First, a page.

Notes on Supplier Diversity

So, we read a post on LinkedIn the other day and just can’t get it out of our heads. The reason is because this is a bigger issue than our colleague Tammy Davis, CEO at NexLevel, wrote.

She’s not wrong in her characterization of some supplier diversity professionals (SDP). Like us, they are imperfect humans doing the best they can at any given moment in time. And, the moment in time is our point today — particularly with regards to supplier diversity events. Even the smaller, local events draw hundreds of SDMWVLGBTBE (Small Disadvantaged or Disabled, Minority, Women, Veteran, Lesbian, Gay, Bisexual or Transgendered Business Enterprise) owners who are targeting a few dozen SDPs. Even the best organized event is filled with distraction, bright lights, noises and people, so many people.

  • Will our ten minute one-on-one meeting with an SDP be the first, fall in the middle or be the last of the day?
  • How many people want this person’s attention today, right now?
  • What kind of day is s/he having?
  • Did s/he have any say in choosing who to meet with or was the match made by someone else?
  • Is our commodity or service one their business has an interest in, ever? Is s/he familiar with how what we sell is purchased by their company?
  • Do we all blur together in his or her mind at the end of the event, or did we do something memorable that made us stand out?

We could tell a few stories about some SDPs but that’s not our point. None of us expects to close a sale with every contact we make. It seems unrealistic to expect SDPs to champion each of us. The matchmakers are akin to speed dating. An introduction, your best elevator pitch, a little Q&A and a thank you on exit.

Sometimes, the follow up afterwards can be problematic. The SDP might not have buy-in from all sectors of the company, so even if they have need for your product or service, the buyer with authority might not care if it is procured from a diverse supplier. Other times, the need isn’t current, and the SDP  might suggest reaching out again months or even years (given the contract length) later. One SDP we know gets 75 to 100 blind approach emails a day (average 87 or 437 a week and over 22,750 per year), not to mention voice mail messages. So, even if s/he vividly remembers you it could simply be that among all of the requests that s/he receives yours gets lost in the shuffle — or accidentally filtered to a spam, junk or clutter folder. Lack of returned response is not necessarily a total lack of interest.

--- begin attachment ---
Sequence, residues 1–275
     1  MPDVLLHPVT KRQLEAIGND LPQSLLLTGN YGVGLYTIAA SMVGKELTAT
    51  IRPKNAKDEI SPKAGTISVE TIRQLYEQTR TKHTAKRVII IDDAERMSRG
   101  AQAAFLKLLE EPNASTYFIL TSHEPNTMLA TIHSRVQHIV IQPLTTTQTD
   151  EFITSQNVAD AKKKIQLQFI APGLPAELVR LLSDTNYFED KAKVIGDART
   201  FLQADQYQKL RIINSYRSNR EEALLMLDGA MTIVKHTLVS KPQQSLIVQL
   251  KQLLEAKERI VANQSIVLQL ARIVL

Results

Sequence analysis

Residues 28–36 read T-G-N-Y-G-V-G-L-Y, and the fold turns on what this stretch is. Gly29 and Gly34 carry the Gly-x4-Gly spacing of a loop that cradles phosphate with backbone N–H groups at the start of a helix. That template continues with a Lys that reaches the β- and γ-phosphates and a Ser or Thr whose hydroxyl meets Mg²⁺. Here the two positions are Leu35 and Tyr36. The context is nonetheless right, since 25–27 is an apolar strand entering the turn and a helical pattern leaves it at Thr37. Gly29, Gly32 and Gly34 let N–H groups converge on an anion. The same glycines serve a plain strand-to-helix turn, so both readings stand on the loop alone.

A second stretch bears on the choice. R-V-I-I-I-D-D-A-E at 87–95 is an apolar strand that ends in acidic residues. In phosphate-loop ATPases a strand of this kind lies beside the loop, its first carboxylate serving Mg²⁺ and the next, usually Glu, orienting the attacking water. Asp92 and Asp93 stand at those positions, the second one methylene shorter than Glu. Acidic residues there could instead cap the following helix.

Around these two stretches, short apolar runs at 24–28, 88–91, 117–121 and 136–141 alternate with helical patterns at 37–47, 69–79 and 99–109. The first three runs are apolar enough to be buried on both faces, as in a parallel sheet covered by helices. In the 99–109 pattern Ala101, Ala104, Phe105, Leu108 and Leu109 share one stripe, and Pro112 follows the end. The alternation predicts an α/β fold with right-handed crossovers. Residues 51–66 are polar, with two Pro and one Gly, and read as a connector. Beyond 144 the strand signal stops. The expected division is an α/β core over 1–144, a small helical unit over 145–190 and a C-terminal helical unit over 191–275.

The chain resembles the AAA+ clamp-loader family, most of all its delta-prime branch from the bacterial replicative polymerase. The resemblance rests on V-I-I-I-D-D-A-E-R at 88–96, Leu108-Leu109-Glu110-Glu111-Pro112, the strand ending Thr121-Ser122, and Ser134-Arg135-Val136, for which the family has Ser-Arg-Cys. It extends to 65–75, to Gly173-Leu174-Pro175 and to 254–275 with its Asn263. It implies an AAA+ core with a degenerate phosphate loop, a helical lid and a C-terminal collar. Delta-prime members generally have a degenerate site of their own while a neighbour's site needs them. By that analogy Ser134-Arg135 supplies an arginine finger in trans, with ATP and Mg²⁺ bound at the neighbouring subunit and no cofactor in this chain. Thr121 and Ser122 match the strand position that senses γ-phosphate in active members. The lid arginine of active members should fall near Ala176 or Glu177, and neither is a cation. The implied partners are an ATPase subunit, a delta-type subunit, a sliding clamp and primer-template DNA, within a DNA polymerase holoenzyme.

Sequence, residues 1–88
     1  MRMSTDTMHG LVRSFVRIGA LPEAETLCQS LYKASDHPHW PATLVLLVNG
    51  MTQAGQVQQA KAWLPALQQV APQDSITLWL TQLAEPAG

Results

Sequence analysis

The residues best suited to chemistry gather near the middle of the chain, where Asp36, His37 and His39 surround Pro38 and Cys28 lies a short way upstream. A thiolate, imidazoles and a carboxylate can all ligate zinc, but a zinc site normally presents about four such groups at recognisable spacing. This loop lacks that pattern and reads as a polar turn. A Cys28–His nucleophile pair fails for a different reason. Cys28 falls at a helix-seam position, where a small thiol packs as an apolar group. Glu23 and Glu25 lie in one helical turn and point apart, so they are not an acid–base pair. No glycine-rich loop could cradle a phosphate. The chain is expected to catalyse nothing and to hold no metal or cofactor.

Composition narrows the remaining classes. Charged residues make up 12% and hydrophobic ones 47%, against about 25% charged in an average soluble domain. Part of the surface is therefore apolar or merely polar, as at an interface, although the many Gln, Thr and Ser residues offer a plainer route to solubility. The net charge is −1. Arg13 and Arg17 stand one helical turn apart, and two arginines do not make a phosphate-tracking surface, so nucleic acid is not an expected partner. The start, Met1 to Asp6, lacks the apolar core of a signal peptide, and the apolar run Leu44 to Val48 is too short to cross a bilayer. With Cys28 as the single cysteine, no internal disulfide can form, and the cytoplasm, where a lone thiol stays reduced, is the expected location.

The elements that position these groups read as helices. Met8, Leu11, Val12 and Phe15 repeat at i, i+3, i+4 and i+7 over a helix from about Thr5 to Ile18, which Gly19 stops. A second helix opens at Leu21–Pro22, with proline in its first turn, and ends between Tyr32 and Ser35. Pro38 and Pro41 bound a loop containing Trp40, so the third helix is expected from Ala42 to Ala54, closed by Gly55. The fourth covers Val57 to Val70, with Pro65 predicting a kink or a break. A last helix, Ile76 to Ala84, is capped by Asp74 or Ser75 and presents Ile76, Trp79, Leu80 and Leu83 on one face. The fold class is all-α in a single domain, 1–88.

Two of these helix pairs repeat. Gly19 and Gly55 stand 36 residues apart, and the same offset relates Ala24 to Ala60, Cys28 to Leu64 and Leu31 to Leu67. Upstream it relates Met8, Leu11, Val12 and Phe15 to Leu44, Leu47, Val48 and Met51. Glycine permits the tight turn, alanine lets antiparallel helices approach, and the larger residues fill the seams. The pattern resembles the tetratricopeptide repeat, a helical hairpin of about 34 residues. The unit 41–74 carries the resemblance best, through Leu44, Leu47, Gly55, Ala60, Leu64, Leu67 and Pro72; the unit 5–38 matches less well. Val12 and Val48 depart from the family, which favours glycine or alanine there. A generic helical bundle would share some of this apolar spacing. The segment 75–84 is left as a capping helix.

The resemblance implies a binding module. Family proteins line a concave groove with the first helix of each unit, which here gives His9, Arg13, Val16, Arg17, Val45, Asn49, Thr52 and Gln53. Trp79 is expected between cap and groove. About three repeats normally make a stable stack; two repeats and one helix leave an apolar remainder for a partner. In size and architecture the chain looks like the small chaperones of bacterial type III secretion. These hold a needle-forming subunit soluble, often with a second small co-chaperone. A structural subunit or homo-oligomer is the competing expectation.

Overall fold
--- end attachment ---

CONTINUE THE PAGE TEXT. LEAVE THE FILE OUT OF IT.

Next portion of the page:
If an SDP tells you about a person to connect with in their organization, don’t always expect them to make that introduction. Over and above all the diverse suppliers asking for a piece of the SDP’s time, s/he is juggling their other job duties, supporting internal requests, attending meetings, traveling on business, filing reports or conducting research. Instead of waiting around for those introductions take the initiative. Make note of the person mentioned and research him or her. When you reach out directly, copy the SDP and tell the contact that the SDP suggested there might be a synergy.

The one thing we know works is personal persistence. Connecting with a supplier diversity professional on a personal level over a sustained period of time will get you noticed and remembered. If you are members of a third party certifier, go to the events. These organizations are non-profits and always in need of volunteers, giving a little of your time and expertise is a good way to be noticed in the community of partnering SDPs. Volunteering in general can facilitate relationships with target customers with cultures of corporate responsibility. As Bob Burg said: “Your true worth is determined by how much more you give in value than you take in payment.” We need to make a difference in our communities and who you serve/advocate/volunteer for may be as important as what you sell.

Beyond all that it must be remembered that while SDPs want to facilitate the use of diverse suppliers, their priority is to do so in a manner that is in the best interest of their company. If the company is happy with their current X provider and there is no inherent difference (quality or price) between the X you provide, it is unrealistic to expect a corporation to do business with you just because you’re a diverse supplier. It is NOT unrealistic to ask for referrals to other SDPs. They all know each other.